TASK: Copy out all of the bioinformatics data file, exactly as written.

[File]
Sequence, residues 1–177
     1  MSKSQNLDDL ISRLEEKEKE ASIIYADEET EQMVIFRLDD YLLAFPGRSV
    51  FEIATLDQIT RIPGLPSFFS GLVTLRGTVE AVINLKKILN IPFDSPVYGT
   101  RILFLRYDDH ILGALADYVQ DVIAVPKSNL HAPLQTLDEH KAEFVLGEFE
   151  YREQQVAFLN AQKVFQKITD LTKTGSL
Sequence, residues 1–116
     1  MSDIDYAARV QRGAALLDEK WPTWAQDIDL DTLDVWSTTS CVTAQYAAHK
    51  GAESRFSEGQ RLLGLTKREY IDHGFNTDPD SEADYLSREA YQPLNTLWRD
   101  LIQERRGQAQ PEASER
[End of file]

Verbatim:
Sequence, residues 1–177
     1  MSKSQNLDDL ISRLEEKEKE ASIIYADEET EQMVIFRLDD YLLAFPGRSV
    51  FEIATLDQIT RIPGLPSFFS GLVTLRGTVE AVINLKKILN IPFDSPVYGT
   101  RILFLRYDDH ILGALADYVQ DVIAVPKSNL HAPLQTLDEH KAEFVLGEFE
   151  YREQQVAFLN AQKVFQKITD LTKTGSL
Sequence, residues 1–116
     1  MSDIDYAARV QRGAALLDEK WPTWAQDIDL DTLDVWSTTS CVTAQYAAHK
    51  GAESRFSEGQ RLLGLTKREY IDHGFNTDPD SEADYLSREA YQPLNTLWRD
   101  LIQERRGQAQ PEASER